“I was very close to retiring if I’m honest” reveals the 6’2” British ruler. “There were even people in my hometown who thought I was retired and I did think for a while it just wasn’t meant to be. You box on small shows and you start to think that’s your level but, since becoming champion, I feel like I’m training like a champion and I’m going to be the best I’ve ever been for Hughie Fury.”

“I know they see me as little more than a stepping stone but I really am very confident of beating Hughie Fury.”

“Fury actually turned pro on one of my undercards in Norwich. I never met him then but people I know did speak with him and they all said he’s a genuine nice bloke and as far as I’m concerned there doesn’t have to be any trash-talking for this fight…though that might change nearer the fight!”

While Fury, younger cousin of former world heavyweight champion Tyson, was hesitant and negative against Parker, talk in camp suggests Hughie will be more front-footed and aggressive against the smaller Sexton come May 12th in Bolton.

“I’ve heard he may be trying to be more aggressive but I’m not paying much attention to that really. I can’t see him radically changing his style and I’ll just see what he does on the night and take it from there. I’ve had problems and distractions all through my career and now I haven’t got the same things going on I can just train hard and look forward to the fight.”

While the British champion looks towards his own heavyweight clash, Livefight asks for his predictions for the other big fights occurring over the next couple of months starting with this weekend’s slugfest between Dillian Whyte and Aussie puncher Lucas “Big Daddy” Browne.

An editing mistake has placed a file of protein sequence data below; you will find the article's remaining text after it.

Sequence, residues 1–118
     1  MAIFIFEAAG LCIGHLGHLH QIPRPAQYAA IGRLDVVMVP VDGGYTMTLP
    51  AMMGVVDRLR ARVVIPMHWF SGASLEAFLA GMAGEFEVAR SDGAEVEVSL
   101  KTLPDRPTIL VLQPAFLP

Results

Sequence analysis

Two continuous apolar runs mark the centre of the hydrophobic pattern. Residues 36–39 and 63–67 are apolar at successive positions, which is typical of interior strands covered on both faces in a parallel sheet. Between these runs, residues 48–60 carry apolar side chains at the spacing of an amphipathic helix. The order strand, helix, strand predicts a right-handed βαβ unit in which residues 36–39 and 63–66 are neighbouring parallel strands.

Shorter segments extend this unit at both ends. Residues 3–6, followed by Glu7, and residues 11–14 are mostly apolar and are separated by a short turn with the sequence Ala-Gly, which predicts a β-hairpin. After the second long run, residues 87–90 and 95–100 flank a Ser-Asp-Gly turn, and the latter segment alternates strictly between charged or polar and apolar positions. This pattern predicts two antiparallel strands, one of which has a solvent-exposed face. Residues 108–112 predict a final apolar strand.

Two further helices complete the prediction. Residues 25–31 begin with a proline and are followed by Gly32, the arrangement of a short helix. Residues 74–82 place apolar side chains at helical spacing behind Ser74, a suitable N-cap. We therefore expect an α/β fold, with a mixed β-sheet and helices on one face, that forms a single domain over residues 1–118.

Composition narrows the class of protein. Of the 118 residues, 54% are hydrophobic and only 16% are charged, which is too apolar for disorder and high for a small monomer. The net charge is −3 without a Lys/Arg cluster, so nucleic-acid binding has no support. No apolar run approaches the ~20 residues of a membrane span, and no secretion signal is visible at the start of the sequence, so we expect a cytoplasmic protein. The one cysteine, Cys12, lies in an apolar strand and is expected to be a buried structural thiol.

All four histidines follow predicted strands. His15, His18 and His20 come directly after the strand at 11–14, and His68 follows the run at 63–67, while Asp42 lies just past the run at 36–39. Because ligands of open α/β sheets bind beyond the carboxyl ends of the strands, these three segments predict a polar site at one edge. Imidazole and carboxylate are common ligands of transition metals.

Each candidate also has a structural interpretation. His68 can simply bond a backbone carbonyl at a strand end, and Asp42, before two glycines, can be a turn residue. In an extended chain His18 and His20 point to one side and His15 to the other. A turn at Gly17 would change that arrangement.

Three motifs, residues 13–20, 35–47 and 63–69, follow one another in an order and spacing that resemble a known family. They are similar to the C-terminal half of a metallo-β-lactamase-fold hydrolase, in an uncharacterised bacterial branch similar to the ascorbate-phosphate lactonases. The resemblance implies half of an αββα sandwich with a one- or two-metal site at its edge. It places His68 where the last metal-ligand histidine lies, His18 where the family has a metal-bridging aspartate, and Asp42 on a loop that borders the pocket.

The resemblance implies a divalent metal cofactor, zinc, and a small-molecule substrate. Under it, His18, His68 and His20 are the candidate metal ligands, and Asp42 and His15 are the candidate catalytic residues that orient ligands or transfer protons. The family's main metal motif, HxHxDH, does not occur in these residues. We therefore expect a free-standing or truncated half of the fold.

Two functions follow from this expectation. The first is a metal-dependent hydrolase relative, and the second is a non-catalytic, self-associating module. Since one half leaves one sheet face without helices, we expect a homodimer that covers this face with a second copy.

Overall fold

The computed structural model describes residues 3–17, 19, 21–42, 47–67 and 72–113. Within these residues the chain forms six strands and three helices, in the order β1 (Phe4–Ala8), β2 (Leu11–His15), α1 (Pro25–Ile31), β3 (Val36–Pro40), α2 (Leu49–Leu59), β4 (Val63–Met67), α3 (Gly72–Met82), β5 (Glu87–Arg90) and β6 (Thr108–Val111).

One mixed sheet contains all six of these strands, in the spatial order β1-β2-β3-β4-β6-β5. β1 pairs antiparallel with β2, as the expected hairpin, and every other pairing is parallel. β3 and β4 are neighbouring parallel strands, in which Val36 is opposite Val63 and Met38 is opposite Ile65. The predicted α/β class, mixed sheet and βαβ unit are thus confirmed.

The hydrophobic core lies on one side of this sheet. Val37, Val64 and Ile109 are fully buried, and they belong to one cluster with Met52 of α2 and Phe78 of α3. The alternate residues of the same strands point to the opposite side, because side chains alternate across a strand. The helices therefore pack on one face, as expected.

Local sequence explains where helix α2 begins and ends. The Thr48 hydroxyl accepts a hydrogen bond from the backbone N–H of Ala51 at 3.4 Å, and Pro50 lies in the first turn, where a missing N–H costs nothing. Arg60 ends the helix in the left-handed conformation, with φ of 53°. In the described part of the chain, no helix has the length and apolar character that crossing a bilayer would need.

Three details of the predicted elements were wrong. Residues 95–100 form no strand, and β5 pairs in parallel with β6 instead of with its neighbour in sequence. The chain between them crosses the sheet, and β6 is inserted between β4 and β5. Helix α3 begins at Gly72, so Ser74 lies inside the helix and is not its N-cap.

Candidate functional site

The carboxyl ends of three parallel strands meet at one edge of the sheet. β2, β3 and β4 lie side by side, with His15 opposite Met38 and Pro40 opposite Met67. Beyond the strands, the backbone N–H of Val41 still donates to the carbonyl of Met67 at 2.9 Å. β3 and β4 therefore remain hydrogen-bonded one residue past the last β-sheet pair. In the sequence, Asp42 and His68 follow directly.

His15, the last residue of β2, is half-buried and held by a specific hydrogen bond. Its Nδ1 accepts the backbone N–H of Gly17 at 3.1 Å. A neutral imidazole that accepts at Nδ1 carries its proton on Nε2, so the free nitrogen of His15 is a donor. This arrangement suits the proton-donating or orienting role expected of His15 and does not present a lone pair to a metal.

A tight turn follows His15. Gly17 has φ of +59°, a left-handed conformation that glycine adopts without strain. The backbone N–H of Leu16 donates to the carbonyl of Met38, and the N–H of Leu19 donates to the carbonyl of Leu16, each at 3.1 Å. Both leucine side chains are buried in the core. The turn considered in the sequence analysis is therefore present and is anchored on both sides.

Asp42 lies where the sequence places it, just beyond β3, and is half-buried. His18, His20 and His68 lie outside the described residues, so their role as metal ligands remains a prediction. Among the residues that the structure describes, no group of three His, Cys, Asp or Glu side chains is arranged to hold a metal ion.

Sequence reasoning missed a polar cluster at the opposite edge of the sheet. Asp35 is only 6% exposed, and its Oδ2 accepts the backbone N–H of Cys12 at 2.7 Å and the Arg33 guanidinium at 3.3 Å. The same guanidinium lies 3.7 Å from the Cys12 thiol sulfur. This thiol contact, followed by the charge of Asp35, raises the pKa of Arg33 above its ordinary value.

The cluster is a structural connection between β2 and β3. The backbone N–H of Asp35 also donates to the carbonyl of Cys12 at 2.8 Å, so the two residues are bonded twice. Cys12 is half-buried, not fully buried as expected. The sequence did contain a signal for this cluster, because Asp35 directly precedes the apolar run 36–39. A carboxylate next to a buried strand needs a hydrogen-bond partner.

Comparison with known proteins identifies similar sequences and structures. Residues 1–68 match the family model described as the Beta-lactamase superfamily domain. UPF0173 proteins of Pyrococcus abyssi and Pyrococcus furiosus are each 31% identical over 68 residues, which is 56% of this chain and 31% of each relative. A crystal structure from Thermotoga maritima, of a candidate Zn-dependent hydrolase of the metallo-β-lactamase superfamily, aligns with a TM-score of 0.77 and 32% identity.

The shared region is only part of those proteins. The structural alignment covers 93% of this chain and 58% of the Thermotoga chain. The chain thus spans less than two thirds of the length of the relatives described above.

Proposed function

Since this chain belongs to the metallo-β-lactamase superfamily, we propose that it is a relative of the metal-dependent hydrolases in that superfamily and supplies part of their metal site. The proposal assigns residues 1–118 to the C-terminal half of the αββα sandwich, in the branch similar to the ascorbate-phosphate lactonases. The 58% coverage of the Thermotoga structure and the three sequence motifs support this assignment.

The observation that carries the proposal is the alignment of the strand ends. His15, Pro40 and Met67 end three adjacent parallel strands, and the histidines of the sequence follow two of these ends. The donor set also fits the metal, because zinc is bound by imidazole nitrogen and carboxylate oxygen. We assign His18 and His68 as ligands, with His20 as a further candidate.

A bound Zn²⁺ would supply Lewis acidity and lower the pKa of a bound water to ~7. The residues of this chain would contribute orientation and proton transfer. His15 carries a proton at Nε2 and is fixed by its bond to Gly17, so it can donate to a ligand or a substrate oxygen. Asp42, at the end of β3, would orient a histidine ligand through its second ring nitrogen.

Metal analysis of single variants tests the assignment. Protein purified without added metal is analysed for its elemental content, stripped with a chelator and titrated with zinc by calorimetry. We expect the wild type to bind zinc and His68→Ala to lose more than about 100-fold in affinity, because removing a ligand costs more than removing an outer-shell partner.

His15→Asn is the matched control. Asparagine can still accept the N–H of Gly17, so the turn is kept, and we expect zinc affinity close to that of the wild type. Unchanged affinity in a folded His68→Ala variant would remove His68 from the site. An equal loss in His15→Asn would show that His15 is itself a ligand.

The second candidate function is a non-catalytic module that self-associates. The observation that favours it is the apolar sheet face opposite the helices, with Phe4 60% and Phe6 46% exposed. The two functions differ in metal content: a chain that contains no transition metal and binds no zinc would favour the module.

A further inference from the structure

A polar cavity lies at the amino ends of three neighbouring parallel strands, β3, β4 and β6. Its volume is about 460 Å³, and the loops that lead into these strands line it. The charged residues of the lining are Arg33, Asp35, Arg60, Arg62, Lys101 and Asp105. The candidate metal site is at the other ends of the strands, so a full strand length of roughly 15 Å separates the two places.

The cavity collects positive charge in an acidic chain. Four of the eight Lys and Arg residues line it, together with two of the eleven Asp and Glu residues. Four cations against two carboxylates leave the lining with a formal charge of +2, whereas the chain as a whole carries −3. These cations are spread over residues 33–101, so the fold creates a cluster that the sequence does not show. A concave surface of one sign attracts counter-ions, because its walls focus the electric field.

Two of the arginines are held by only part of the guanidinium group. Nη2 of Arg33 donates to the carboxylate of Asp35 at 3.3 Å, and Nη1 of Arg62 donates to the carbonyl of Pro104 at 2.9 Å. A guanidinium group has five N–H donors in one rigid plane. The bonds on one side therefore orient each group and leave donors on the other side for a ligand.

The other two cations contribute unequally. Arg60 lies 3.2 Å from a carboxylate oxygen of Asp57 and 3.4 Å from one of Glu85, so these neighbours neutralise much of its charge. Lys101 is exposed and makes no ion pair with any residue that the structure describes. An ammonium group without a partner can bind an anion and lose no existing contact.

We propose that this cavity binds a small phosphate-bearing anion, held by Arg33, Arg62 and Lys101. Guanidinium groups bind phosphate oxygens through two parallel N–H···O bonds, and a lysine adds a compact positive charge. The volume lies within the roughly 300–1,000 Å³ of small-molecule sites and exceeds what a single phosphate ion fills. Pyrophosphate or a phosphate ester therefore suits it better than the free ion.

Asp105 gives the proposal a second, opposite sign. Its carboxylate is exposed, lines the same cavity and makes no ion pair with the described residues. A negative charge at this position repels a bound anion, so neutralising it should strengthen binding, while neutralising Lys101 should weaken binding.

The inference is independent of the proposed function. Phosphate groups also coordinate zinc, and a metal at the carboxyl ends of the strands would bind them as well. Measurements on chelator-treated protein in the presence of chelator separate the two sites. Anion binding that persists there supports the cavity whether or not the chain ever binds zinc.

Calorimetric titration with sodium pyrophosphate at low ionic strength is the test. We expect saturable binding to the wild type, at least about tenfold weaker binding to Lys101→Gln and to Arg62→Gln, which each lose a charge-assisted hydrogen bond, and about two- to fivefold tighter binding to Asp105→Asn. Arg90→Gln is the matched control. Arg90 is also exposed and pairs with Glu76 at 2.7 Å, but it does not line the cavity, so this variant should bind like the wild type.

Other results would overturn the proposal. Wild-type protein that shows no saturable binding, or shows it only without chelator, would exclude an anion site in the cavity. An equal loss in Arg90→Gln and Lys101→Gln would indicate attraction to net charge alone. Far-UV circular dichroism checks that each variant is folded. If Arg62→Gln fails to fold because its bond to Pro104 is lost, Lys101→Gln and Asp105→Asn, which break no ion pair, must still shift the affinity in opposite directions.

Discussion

“I think Dillian Whyte has the advantage as he’s younger, been more active and is fighting at home (at the O2 Arena). I don’t think it’ll go early either way but I think probably Whyte will nick a decision.”

“David Price against Alexander Povetkin (on the Joshua undercard), is an interesting one. Many are writing David off and, on paper, you have to fancy Povetkin who I do rate as he’s a vicious fighter. Price has some serious power though and he could just go for broke as he’ll know it’s sink or swim for his career now and it’s all on the line. It’s not an easy pick but I still lean towards Povetkin.”

Main event on March 31st is the mouth-watering heavyweight clash between IBF, IBO and WBA Super heavyweight champion Anthony Joshua and WBO rival Joseph Parker. While many are warming to a Parker upset as the fight draws nearer, Sexton is clear as to who will prevail in Cardiff.

“I know Parker has a good chin but I can’t look past Joshua winning the fight. It will be competitive, but I think Joshua will get to Parker after midway and stop him at some point.”

As a heavyweight outcast between 2012 and 2016, Sexton was virtually ignored by all of his rivals as he struggled to land a meaningful fight, but now as a British champion, many have changed their tune about a potential match against Sexton. Two men making some noise on UK shores are former amateur stars Joe Joyce and 20 year old power-puncher Daniel Dubois. Joyce has just scored his third straight KO while Dubois is currently 7-0 (7).

“I’ve seen both fight and they are looking pretty good but, for me, the jury will be out until they are matched against someone who fancies the job and will try to win. It was the same with Joshua when he turned pro. He stepped up and proved to be the goods and it will be the same when Dubois and Joyce step up.”

“I think some of the comments that come out are more from the promoters than the fighters (Joyce is promoted by David Haye), but we’ll see how they get on when the pressure is on. I watched Joyce fight his debut against Ian Lewison and he looked OK but I think Lewison made it easy for him a bit.”

Final thoughts on his fight with Hughie Fury?

“I’m 33 now and this is my time. I have finally become the British champion and I plan on keeping my belt come May 12th. I can’t afford any more slip ups I have to do all I can now starting by beating Hughie Fury on May 12th. I’m training harder than ever and I’ll be stronger, fitter and more focused than ever for Hughie Fury.”

Newsletters Signup